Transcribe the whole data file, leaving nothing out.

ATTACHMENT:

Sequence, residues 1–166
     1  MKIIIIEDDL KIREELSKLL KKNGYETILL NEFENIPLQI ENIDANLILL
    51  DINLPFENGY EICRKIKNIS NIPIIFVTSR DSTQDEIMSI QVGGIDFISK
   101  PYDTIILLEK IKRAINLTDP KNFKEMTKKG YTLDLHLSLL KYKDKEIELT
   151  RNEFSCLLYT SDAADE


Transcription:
Sequence, residues 1–166
     1  MKIIIIEDDL KIREELSKLL KKNGYETILL NEFENIPLQI ENIDANLILL
    51  DINLPFENGY EICRKIKNIS NIPIIFVTSR DSTQDEIMSI QVGGIDFISK
   101  PYDTIILLEK IKRAINLTDP KNFKEMTKKG YTLDLHLSLL KYKDKEIELT
   151  RNEFSCLLYT SDAADE